Investigating bat activity in various agricultural landscapes to develop organic insect pest management
In 2016, The Rodale Institute was awarded a NESARE grant to investigate bat activity in various agricultural landscapes to develop organic insect pest management. Bats are a widely underestimated biological tool for insect pest management and farmers are not sure how many bats they have or how to enhance their activity. We worked with two farmer partners to assess bat populations and activity on their farms. To do this we used acoustic monitoring equipment to detect bat echolocation calls and quantify their activity by those calls. We also installed different designs of bat houses at the study sites to see which design and site would be more successful at attracting bats. Our goal is to use these to identify tools to enhance bat activities for Integrated Pest Management (IPM).
This past spring a total of 9 bat houses, of 3 different varieties, were installed at Rodale Institute and a farmer partner’s farm. These bat houses were monitored throughout the summer for occupancy. At this time, no bats occupied the houses but that is to be expected and therefore monitoring will continue into year two.
This past spring and summer bat activity was monitored using acoustic monitoring equipment recording echolocation calls to quantify bat activity by bat passes. The monitoring was done at various locations and a variety of agricultural systems. These locations included grain crops, orchards, and vegetables. We made comparisons of these commodities at sites that were organic and sites that were conventional. We also looked at natural landscape features on farms, like grain crops and orchards with tree lines and without tree lines, vegetable fields with insectary strips, farm ponds, and riparian areas. This part of the project is complete. Bat calls have been analyzed and we are preparing charts and running statistics now.
Direct comparisons were made between conventionally and organically managed systems at Rodale Institute and collaborating farms under similar landscape or land use (e.g. forested riparian buffers, orchards, or cultivated grain or vegetable fields).
Timeline Milestones from original proposal with updates in parenthesis
March- May 2016
-Purchased monitoring equipment and upload software (completed).
-Met with farmer partners, evaluate farms, and make final site selections (completed).
-Prepared plan for transect locations and distances (completed).
-Finalized protocol (completed)
-Install bat houses (a total of 9 houses were installed).
May- August 2016
–Analyze monitoring and acoustic data monthly
(Completed. However, May was very rainy so most of the monitoring was in June, July, and August without breaks to fit the four rounds in. However, to gather more data we did an extra round of acoustic monitoring than proposed. Initial driving transects provided little data so after the first round, monitoring just consisted of passive monitoring not active monitoring).
–Monitored for roosts and bat box occupancy monthly
–Identify bat species in any maternity roosts discovered on site and count populations at emergence at dusk
(Completed, no roosts in bat houses but we did find 3 roosts near the areas we were monitoring).
–Presented our project at our annual field day in July
(Completed, the attendance for the day was 182 people. In addition to field day we incorporated this project into a small portion of our farmer training program in August. This was done a year earlier than expected due to interest. We also did a press release at the beginning of the project and that brought in a lot of media attention and attention from farmers and research institutes looking to collaborate on similar work)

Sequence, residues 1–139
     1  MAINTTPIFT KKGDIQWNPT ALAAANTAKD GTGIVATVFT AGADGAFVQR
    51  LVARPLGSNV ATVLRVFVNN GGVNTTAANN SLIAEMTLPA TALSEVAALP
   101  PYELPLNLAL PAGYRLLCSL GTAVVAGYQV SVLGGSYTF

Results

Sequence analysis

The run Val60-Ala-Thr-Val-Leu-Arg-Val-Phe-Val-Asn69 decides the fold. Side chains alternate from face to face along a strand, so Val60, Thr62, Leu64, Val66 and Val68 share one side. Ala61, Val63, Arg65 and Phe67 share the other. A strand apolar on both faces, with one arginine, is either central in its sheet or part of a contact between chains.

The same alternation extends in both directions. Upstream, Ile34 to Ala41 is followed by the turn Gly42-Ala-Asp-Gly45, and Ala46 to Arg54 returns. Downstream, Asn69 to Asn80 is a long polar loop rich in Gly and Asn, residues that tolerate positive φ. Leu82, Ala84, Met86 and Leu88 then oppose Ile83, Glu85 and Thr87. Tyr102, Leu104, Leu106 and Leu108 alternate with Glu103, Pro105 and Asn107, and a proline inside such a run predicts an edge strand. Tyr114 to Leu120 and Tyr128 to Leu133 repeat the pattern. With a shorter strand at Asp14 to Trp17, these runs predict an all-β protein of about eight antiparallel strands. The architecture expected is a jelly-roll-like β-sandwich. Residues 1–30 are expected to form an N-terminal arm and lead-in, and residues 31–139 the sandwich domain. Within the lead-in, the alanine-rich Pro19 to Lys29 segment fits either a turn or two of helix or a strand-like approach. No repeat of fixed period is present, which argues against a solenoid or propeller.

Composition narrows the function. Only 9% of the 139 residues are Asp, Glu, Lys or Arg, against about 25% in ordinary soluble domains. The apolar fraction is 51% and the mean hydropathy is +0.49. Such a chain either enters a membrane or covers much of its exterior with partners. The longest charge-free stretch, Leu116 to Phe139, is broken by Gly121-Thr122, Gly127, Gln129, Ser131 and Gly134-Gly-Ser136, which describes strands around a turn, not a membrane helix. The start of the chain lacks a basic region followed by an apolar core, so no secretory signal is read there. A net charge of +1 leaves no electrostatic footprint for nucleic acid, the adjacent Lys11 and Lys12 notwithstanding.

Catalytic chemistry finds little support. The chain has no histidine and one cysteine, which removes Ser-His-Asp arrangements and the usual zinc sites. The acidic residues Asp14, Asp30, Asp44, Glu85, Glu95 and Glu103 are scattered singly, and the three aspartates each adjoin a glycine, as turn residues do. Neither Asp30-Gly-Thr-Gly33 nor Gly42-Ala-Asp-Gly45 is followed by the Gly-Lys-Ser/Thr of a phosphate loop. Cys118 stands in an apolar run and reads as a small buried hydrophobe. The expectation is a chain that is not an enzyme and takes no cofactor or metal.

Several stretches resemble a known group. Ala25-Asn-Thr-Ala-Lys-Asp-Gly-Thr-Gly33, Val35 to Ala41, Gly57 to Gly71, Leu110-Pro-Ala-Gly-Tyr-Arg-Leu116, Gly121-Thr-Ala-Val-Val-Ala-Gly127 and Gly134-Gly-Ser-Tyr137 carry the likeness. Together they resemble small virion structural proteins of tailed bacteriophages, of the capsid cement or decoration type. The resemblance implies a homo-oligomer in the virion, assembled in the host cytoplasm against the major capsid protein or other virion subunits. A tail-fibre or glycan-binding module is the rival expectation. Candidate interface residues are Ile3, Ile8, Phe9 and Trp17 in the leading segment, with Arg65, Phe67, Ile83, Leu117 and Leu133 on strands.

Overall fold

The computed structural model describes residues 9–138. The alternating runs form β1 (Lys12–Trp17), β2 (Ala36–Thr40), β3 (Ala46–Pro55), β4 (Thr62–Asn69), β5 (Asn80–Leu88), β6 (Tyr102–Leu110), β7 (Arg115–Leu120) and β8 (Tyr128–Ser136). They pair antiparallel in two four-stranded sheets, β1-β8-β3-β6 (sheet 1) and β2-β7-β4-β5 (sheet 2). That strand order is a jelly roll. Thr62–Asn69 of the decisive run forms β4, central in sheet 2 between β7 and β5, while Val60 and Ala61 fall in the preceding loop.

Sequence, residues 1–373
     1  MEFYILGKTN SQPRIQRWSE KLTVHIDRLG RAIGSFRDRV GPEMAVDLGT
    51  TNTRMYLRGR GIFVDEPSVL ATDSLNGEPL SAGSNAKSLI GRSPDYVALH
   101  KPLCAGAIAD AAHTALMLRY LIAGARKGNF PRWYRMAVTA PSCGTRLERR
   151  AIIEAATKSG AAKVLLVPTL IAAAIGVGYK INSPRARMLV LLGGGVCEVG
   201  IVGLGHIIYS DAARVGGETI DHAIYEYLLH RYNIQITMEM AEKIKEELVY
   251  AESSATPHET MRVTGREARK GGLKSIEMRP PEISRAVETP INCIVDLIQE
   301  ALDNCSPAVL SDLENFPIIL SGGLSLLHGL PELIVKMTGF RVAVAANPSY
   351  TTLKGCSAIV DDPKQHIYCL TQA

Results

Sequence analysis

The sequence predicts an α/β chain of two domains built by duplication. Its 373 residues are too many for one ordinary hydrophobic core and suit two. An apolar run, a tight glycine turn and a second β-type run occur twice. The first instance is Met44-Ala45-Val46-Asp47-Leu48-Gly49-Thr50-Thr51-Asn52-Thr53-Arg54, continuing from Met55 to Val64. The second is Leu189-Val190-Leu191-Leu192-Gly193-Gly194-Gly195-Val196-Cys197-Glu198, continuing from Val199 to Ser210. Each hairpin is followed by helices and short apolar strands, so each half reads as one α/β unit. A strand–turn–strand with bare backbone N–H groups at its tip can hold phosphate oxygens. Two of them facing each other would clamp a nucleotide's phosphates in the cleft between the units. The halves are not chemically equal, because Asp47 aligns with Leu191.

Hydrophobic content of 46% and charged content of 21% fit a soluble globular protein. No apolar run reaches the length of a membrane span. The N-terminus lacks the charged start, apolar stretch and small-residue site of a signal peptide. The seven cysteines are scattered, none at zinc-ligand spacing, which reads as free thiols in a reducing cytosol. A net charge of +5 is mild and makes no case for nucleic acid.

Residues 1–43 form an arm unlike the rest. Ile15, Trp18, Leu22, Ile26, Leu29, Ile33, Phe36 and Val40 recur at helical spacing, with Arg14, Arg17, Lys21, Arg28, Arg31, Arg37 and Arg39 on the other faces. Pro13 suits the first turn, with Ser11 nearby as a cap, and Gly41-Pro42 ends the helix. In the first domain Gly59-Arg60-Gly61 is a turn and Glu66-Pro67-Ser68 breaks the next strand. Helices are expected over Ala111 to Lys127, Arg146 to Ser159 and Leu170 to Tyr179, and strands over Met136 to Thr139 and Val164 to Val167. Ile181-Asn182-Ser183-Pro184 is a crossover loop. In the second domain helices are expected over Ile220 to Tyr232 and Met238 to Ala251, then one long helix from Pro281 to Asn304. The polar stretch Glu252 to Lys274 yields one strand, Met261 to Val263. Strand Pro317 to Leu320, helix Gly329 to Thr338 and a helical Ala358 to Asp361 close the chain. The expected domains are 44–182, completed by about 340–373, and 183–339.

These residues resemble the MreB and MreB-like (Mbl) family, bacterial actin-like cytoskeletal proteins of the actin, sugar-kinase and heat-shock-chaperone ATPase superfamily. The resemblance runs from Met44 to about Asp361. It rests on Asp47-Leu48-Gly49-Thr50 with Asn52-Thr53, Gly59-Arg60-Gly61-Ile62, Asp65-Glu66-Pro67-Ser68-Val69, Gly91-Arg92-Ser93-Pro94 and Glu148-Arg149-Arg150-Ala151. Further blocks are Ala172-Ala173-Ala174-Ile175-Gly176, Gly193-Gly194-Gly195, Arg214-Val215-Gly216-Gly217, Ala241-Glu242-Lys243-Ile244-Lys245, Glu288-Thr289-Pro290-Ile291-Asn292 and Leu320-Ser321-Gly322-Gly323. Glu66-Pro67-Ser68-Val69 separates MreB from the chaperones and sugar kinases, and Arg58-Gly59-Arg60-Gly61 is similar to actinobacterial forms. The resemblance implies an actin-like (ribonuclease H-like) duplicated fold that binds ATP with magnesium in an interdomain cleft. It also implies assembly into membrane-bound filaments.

September 2016- April 2017
-Evaluate data, work on technical and non-technical publications, and create fact sheets
(To be completed)
-Plan workshops for farmers and curriculum for Rodale Institute’s farmer training program.
(To be completed)
-Attend a regional farmer conference to share this work (To be done).
(In addition to dissemination goals in the proposal, Albright interns presented this work at the annual North American Bat Symposium in Texas in October and Kate Harms presented this work with the Annual Northeast IPM online conference November 9th. This work also appeared in Organic Life Magazine, Reading Eagle Newspaper, and Morning Call Newspaper. And the work has been presented to a High School Environmental club, 35 attendees, and a local Community Night, 40 attendees)
May-August 2017 (To be done)
-Host farmer workshops and add as a component to farmer training programs.
-Monitor bat boxes for occupancy
-Present our results at our annual field day.
August – October 2017 (To be done)
-Create fact sheets and publish final information on bat box occupancy.
-Disseminate information to technical and non-technical audiences through Rodale Institute’s website and social media networks.
Impacts and Contributions/Outcomes
Through all the press this project has received it has opened doors to other agricultural research institute’s and farmers looking to collaborate. An awardee of a Graduate student grant for Southern SARE is modeling her project after this one so we can compare data between different regions and crops. We also are working with a research farm in upstate New York who is beginning to monitor bat activity in agricultural fields and were able to submit a proposal together to expand this work. I have spoken to multiple farmers by phone, who have reached out to us after hearing about the work. The call to discuss bat roosts they have and inquire about bat houses. Overall I would say this project is broadening its scope by reaching a general audience just from the unexpected press we have received. This interest has also been extremely positive and favorable to the work.